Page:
[11] “Introduction to Astrophil and Stella”, in The Norton Anthology of English Literature Vol.I, 1084
[12] Petrarch, The Sonnets, Triumphs, and Other Poems of Petrarch
[13] Sidney, “Astrophil and Stella: sonnet 45”
[14] Ibid
[15] Sasha Roberts, “Shakespeare’s Sonnets and English Sonnet Sequences”, in Early Modern English Poetry, ed. Patrick Cheney et al. (NY: Oxford University Press, 2007), 172
[16] Kalstone, Sidney’s Poetry, 158
[17] Ibid, 159
[18] Edmund Spenser, “Amoretti: sonnet 64”, in The Norton Anthology of English Literature Vol.I, 987
[19] William Shakespeare, “Sonnet 130”, in The Norton Anthology of English Literature Vol.I, 1184
[20] Ilona Bell, Elizabethan Women and the Poetry of Courtship (The UK: Cambridge University Press, 2000), 3
[21] “Renaissance Love and Desire”, in The Norton Anthology of English Literature Vol.I, 1002

Bell, Ilona. Elizabethan Women and the Poetry of Courtship. United Kingdom: Cambridge University Press, 2000.
“Introduction to Astrophil and Stella”. The Norton Anthology of English Literature Volume I, edited by Julia Reidhead. United States: W. W. Norton& Company, Inc, 2012.
Kalstone, David. Sidney’s Poetry: Contexts and Interpretations. Massachusetts: Harvard University Press, 1965.
Petrarch. The Sonnets, Triumphs, and Other Poems of Petrarch “Poetic Form: Sonnet”.
“Renaissance Love and Desire”. The Norton Anthology of English Literature Volume I, edited by Julia Reidhead. United States: W. W. Norton& Company, Inc, 2012.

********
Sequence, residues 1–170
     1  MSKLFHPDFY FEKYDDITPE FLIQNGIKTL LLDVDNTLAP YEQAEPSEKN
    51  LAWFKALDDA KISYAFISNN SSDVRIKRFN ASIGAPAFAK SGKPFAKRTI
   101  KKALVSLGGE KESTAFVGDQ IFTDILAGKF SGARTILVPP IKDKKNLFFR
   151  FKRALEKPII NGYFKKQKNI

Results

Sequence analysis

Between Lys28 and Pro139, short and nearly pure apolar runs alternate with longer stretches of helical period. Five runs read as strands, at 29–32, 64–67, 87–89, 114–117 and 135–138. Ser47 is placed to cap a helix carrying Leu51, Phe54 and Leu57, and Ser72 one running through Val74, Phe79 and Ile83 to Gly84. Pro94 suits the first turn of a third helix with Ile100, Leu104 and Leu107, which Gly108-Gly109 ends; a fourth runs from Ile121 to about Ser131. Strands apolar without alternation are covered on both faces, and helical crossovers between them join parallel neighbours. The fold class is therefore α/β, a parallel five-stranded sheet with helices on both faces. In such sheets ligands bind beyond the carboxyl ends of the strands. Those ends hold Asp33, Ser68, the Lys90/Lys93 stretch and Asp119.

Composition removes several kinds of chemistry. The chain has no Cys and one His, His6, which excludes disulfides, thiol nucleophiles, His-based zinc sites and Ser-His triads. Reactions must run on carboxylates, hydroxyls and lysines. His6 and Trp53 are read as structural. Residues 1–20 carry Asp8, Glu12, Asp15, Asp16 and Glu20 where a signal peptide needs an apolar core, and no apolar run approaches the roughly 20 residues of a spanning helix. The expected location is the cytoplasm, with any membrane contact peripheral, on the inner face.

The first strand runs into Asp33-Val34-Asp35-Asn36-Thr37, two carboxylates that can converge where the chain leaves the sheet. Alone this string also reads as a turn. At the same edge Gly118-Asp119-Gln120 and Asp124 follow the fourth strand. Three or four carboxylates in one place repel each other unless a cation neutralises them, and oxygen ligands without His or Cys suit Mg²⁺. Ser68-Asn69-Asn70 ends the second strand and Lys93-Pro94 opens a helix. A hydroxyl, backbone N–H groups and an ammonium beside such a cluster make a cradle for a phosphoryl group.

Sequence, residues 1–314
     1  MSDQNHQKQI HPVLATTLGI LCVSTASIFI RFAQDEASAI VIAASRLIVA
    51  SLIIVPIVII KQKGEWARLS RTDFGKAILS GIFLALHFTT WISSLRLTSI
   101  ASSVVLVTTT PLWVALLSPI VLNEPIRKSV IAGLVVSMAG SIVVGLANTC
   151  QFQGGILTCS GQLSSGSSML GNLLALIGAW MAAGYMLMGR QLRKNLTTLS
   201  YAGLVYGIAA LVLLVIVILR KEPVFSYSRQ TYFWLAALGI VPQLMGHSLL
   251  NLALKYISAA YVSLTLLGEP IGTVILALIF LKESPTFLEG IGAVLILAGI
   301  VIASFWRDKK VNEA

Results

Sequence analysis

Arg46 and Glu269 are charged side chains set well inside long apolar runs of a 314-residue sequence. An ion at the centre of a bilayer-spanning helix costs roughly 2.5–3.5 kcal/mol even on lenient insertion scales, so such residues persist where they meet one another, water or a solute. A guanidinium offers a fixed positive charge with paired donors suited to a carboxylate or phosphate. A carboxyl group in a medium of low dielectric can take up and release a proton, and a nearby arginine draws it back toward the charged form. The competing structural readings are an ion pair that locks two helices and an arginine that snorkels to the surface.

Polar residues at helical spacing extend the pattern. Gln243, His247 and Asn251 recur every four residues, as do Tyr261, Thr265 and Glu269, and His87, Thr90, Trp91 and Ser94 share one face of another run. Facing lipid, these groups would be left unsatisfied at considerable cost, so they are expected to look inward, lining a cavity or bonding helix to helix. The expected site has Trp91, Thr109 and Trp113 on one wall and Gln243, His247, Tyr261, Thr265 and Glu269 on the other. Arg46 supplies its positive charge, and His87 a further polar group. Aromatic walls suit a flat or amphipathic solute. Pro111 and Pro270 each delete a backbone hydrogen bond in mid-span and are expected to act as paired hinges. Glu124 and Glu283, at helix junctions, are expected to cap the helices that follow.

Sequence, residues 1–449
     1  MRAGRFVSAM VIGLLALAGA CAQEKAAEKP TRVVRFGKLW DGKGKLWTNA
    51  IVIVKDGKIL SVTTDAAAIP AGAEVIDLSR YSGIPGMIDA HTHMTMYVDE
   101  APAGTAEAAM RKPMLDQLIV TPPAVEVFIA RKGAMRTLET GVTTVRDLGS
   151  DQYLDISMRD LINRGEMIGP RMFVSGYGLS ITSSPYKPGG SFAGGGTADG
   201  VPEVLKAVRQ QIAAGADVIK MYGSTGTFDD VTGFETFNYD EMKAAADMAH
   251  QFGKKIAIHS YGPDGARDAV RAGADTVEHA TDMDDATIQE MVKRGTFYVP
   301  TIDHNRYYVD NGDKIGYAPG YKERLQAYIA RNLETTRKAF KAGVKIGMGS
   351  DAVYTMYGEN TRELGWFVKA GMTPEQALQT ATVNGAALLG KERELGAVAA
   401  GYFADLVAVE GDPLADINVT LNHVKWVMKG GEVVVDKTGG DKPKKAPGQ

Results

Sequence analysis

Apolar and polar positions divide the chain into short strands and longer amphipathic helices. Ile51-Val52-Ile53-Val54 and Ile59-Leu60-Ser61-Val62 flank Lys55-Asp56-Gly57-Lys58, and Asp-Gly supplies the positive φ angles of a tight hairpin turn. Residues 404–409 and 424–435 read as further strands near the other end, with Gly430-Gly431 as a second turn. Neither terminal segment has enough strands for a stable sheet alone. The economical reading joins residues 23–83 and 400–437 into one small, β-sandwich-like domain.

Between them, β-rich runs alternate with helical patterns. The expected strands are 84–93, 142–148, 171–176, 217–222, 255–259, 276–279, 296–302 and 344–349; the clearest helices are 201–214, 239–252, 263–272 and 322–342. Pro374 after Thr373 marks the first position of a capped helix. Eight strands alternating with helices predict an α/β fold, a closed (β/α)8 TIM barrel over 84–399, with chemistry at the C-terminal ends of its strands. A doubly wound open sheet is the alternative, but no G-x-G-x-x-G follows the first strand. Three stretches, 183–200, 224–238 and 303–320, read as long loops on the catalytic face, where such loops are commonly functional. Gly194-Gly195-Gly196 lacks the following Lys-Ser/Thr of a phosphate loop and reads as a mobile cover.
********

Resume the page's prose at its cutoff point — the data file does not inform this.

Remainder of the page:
Roberts, Sasha. “Shakespeare’s Sonnets and English Sonnet Sequences” in Early Modern English Poetry, edited by Patrick Cheney, Andrew Hadfield, Garrett  A. Sullivan, Jr (New York: Oxford University Press, 2007): 172- 183. 
Shakespeare, William. “Sonnet 130”. The Norton Anthology of English Literature Volume I, edited by Julia Reidhead. United States: W. W. Norton& Company, Inc, 2012.
Sidney, Philip. “Astrophil and Stella: sonnet 15, sonnet 45”. The Norton Anthology of English Volume I Literature, edited by Julia ReidheadUnited States: W. W. Norton& Company, Inc, 2012.
“Sir Philip Sidney”. The Norton Anthology of English Literature Volume I, edited by Julia Reidhead. United States: W. W. Norton& Company, Inc, 2012.
Spenser, Edmund. “Amoretti: sonnet 64”. The Norton Anthology of English Literature Volume I, edited by Julia Reidhead. United States: W. W. Norton& Company, Inc, 2012.